Join the READ THE LABEL CHALLENGE with me and begin to discover what is in your daily products.
I want to raise awareness of the toxic overload we have been experiencing. Most woman come into contact with over one hundred chemicals just before leaving the house in the morning. They are majorly found in things we use every day such as personal care products, cosmetics, shampoos, soaps, perfume, etc. It only takes seconds for some chemicals to enter your bloodstream after applying it to your body. Our skin is our largest organ and we absorb what we apply to it. Many toxic chemicals in our products are known to be skin and respiratory irritants and hormone disruptors.
Although we don’t have the power to avoid 100% of the toxins we come into contact with daily, we do have a choice on the toxins we decide to use personally, on our bodies and in our home. Our bodies work really really hard at keeping natural immunity, but when we are constantly coming into contact with harmful chemicals by the things we apply on our skin, the foods we choose to eat, and the environmental toxins we are surrounded by, it has no choice but to start showing symptoms and go into toxic overload. We simply were not designed to take in so much toxicity.
While joining me with READ THE LABEL CHALLENGE you may feel overwhelmed and not sure what to look for and what it all means. That's ok, we will take baby steps!!
FIRST let's start with Sulfates and Phthalates.
I encourage you to read the label of ingredients on EVERY product you own and look for just these two chemicals. If you go to the store, read the label on the packages there and begin to become aware of what are those long list of ingredients. Ask yourself what they mean and are they serving my body any purpose? You will discover many products containing them, but luckily now there are many brands that provide sulfate and phthalate free products.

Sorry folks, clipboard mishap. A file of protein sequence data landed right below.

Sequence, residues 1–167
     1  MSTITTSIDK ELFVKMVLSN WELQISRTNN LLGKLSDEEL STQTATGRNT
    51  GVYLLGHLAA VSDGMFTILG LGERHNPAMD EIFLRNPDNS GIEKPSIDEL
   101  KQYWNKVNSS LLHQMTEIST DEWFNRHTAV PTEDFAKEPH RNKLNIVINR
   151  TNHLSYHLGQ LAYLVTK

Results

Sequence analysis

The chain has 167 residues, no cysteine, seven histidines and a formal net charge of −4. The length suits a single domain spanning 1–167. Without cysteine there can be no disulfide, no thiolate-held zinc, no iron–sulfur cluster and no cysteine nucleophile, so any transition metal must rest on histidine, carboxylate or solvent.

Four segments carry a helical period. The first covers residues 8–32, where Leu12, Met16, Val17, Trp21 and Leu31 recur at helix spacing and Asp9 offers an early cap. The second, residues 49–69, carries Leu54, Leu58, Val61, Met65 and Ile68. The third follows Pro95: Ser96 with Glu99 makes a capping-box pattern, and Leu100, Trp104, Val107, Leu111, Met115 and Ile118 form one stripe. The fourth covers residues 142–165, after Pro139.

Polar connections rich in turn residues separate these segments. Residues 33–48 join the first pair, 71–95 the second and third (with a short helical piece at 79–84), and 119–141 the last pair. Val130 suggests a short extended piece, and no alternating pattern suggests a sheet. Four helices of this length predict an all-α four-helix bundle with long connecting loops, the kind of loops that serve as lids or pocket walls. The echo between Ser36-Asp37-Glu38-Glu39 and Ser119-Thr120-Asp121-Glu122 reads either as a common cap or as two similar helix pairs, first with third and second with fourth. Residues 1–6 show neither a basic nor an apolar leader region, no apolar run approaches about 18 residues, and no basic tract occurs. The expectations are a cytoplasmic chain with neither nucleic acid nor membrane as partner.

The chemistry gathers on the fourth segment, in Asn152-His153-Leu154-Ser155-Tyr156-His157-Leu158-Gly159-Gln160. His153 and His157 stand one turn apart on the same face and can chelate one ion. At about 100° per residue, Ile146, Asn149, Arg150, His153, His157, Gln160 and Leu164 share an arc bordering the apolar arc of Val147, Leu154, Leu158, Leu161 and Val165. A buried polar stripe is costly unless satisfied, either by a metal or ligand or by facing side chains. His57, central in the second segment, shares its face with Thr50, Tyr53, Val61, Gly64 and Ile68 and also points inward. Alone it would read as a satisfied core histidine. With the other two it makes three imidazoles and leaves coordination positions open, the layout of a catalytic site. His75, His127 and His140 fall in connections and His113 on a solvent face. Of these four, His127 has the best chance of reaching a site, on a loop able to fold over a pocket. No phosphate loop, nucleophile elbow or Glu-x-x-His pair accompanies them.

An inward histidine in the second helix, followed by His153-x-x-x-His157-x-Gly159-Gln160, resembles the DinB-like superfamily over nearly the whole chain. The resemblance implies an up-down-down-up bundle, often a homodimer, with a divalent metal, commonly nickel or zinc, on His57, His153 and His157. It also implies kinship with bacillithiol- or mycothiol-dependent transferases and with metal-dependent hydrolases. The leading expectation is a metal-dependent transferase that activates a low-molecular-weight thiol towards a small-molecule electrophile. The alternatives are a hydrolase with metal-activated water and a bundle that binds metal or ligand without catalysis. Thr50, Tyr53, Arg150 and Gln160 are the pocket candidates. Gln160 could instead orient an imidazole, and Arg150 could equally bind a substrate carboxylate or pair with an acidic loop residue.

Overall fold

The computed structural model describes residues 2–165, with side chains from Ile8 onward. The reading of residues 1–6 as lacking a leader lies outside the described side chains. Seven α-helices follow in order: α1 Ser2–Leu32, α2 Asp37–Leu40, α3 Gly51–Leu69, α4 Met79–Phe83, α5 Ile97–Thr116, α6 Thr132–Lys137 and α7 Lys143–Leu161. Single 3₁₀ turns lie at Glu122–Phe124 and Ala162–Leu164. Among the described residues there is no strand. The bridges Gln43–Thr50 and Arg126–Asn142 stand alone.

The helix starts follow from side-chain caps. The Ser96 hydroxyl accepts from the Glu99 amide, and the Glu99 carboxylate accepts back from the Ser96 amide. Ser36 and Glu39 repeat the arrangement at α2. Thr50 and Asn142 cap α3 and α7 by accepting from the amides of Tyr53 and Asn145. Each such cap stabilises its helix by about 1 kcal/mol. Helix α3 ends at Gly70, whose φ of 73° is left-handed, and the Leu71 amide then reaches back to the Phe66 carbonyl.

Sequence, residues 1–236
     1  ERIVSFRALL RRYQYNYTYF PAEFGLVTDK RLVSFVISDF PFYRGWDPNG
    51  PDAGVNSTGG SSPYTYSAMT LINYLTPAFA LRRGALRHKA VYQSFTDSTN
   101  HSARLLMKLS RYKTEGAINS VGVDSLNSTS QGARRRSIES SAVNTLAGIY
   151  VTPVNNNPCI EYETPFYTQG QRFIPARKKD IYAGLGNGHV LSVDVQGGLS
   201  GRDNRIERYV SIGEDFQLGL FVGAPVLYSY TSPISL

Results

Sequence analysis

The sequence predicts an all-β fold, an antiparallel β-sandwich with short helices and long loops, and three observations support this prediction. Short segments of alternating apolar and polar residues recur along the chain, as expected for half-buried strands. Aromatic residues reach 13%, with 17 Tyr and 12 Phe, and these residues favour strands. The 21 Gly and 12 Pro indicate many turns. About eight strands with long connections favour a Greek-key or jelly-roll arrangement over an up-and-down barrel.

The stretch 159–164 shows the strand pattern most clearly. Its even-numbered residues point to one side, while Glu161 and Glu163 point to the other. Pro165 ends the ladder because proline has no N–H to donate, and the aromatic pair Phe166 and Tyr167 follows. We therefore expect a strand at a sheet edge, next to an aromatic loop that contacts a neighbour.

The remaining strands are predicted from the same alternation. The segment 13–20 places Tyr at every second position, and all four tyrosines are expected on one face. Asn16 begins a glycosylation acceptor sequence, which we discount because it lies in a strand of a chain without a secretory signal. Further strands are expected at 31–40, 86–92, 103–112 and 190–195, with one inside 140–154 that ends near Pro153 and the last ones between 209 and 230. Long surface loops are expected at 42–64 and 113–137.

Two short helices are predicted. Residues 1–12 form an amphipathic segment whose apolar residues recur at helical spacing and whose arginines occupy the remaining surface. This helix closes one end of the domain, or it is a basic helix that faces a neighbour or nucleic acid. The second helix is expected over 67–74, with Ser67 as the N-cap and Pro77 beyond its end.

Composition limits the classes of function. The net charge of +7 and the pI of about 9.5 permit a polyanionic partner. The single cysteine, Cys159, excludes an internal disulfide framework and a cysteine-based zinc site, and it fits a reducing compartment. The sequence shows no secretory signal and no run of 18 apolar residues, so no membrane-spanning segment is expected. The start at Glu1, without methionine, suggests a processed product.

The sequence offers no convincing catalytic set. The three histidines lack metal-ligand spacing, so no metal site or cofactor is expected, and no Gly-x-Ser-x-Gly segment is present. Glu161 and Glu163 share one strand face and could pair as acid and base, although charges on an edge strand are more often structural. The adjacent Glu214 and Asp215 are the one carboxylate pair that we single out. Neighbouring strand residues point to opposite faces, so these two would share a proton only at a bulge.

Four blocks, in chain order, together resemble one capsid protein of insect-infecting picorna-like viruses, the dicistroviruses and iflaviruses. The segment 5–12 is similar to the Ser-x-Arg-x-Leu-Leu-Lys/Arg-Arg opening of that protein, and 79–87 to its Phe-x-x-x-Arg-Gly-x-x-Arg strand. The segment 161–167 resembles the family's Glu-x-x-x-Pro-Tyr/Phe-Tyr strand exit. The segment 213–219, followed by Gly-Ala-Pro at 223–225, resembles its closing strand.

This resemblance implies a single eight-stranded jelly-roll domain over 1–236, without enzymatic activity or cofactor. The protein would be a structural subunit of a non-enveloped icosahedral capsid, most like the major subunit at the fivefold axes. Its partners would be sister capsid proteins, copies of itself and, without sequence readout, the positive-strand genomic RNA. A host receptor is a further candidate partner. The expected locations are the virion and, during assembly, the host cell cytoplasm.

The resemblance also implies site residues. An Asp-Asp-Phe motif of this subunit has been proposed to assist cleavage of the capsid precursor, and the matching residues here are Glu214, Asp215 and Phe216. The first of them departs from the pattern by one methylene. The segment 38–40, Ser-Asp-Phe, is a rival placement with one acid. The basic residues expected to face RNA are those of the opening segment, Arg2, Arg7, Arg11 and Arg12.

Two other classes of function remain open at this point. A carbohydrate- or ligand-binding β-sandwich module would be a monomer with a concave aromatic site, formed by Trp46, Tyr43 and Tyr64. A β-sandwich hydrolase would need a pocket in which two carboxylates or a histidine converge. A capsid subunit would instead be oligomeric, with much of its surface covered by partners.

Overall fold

There are still many other chemicals to be aware of besides sulfates and phthalates and if you suffer from chronic allergies, irritating skin conditions and such then you will want to take your "read the label challenge" a step further. If you experience itchy skin or scalp after using a body wash or shampoo with Sodium Lauryl Sulfate (SLS) or Sodium Laureth Sulfate (SLES) in it then try a product without this ingredient and see if you feel a difference.
Start to next acknowledge other hidden chemicals. If it has a super long word you cannot pronounce, it is most likely synthetically man made. You can plug that product or ingredient into the EWG.org site and it will give you feedback about that product and on a scale of how toxic it is to the body and environment. The sneakiest ingredient I have found is always synthetic fragrance. It is hidden in almost everything, even the "natural" products.
It takes a while to get this all down, but it was all worth my time. We are responsible for our own health and although some of these synthetic chemicals may be rated "safe"... they may no longer be safe after applying them several times through different products throughout the day.